The English Historical Review/Volume 37/Early Notes of Fines

From Wikisource
Jump to navigation Jump to search

Early Notes of Fines

The Notes of Fines practically duplicate the information contained in the better-known Feet of Fines, and for this reason they have generally been used only to make good gaps or defects in the latter series. It has recently been observed, however, in the study of Fines by Sir H. C. Maxwell Lyte for Somersetshire and by Canon C. W. Foster for Lincolnshire,[1] that some of the earliest Notes have not been engrossed as Feet, and that these can be distinguished by the absence of endorsement with the letter 'H'.

The earliest Notes preserved are not dated, but mostly appear to belong to the latter part of the reign of Edward I. Then for a period, beginning in Easter term, 2 [Edward II], the day and regnal year are given, but not the name of the king. This first appears in Hilary term, 12–13 Edward III, and is regularly given afterwards.

The original files of Notes for Edward III and later are made up in terms, the covers usually being endorsed 'Note ingrossate' with the term. The only files for Edward II which still remain unbroken are made up in counties, with cover endorsements such as 'De omnibus annis Ed. II in com' Dors' '; the Notes being endorsed with the letter 'H', signifying engrossment. There are also some covers for early files endorsed 'Veteres note', 'Nove note', and 'Note ingrossande', which presumably contained Notes before engrossment. Although the files are broken, the two classes of Notes have been kept separate; those not engrossed belonging to the reigns of Edward I and II, and those engrossed to the reigns of Edward II and later. Entries on the Curia Regis Rolls show that Notes were made in the time of Richard I or earlier; but apparently they were not at first thought worth preserving.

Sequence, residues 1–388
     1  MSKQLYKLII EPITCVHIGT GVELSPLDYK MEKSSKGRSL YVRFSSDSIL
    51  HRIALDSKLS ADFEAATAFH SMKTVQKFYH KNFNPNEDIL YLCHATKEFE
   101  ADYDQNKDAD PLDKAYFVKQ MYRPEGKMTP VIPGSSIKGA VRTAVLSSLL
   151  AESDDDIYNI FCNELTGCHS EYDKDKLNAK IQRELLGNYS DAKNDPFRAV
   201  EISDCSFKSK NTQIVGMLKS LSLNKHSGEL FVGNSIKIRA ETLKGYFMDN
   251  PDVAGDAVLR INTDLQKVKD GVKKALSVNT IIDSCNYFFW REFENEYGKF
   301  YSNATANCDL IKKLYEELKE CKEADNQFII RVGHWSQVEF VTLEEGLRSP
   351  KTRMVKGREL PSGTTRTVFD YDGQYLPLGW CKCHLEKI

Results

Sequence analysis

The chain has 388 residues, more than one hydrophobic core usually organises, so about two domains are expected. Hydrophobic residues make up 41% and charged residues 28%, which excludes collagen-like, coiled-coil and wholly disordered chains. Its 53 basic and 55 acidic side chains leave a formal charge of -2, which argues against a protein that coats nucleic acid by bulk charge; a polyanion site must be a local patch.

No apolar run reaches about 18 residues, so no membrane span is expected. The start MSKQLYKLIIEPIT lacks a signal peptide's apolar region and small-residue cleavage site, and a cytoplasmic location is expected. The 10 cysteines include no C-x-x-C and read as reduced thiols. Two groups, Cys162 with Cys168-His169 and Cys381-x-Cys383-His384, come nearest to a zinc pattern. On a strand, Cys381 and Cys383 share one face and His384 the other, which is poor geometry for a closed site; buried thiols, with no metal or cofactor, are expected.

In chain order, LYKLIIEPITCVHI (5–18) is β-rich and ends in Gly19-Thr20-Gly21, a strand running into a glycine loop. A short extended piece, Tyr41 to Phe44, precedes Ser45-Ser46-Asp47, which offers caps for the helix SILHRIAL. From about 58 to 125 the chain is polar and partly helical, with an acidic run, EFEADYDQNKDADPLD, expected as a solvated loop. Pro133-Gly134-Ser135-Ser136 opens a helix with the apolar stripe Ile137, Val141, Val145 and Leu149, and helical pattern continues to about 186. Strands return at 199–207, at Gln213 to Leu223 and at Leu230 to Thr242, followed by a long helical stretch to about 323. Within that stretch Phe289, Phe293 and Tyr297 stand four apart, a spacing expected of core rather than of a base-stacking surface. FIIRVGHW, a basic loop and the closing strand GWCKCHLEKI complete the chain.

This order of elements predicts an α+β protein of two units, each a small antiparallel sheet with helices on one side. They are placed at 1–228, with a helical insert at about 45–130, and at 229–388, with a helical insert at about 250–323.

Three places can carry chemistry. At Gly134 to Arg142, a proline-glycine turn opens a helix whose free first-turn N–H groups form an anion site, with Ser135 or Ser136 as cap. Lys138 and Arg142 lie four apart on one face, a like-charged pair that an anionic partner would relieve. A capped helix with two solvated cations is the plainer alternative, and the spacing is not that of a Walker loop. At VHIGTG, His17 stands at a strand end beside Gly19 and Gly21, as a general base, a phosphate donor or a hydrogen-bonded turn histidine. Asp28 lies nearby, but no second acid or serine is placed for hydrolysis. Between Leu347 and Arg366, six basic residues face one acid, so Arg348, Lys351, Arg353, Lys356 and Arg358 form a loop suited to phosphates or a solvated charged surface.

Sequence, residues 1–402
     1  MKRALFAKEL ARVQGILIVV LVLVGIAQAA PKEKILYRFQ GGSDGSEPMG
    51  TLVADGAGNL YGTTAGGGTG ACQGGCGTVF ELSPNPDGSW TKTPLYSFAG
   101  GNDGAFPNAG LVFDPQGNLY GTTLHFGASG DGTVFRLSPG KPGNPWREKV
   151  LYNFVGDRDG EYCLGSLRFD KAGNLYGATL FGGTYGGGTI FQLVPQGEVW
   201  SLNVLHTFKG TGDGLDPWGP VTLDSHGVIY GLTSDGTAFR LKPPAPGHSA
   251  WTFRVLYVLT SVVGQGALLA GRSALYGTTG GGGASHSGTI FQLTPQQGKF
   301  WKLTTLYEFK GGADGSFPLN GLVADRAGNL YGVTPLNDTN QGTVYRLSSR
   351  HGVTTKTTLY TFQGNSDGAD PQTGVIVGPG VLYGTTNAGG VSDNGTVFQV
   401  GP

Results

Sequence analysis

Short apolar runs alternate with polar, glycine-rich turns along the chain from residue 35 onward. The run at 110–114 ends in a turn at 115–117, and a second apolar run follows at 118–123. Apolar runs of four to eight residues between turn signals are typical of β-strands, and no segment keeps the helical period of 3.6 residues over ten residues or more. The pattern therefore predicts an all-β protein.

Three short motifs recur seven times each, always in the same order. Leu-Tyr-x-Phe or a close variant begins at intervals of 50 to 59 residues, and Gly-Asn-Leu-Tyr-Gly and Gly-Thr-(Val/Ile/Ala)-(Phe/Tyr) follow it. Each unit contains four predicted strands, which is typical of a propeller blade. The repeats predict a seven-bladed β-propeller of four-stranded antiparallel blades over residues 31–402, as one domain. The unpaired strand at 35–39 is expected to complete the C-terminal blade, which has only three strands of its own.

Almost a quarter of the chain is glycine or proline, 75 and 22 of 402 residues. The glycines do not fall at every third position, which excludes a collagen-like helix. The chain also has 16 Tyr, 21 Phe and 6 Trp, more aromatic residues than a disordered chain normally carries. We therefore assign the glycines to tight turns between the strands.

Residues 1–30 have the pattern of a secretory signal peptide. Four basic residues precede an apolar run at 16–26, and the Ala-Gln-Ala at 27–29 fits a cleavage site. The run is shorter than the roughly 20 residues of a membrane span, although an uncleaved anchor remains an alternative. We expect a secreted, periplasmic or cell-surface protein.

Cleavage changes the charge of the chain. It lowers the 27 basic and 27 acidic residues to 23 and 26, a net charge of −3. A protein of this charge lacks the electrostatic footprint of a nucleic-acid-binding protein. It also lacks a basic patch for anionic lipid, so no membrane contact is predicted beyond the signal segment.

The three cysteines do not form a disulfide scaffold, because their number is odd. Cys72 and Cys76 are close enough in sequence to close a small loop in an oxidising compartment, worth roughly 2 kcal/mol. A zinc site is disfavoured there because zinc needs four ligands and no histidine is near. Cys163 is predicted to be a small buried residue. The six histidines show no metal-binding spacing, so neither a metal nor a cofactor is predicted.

The effect of a Note which has not been engrossed is doubtful. Coke says:[2] 'Yet a fine, before it is engrossed, is a perfect record, and may be executed, and the conusee ought to sue out his quid iuris clamat, per quae servitia or quem redditum reddit, as his case lies, before the engrossment of the fine.' Against this, a few of the Notes have endorsements showing that action was delayed. In a Norfolk case 'Finis iste non ingrossetur sine precepto iustic.' In a Kent case the tenant for life was a minor: 'Ideo quo ad ipsum remaneat cognicio usque ad etatem,' &c.

A careful study of the De Banco Rolls will throw more light on this subject, but from their bulk it must be slow and laborious. In any case, the information given in an unengrossed Note is of value; for the transaction was certainly contemplated, and may have been completed by deed.

R. C. Fowler.

  1. Final Concords (Lincoln Record Society), II. xxiii.
  2. Readings on Fines, vol. i.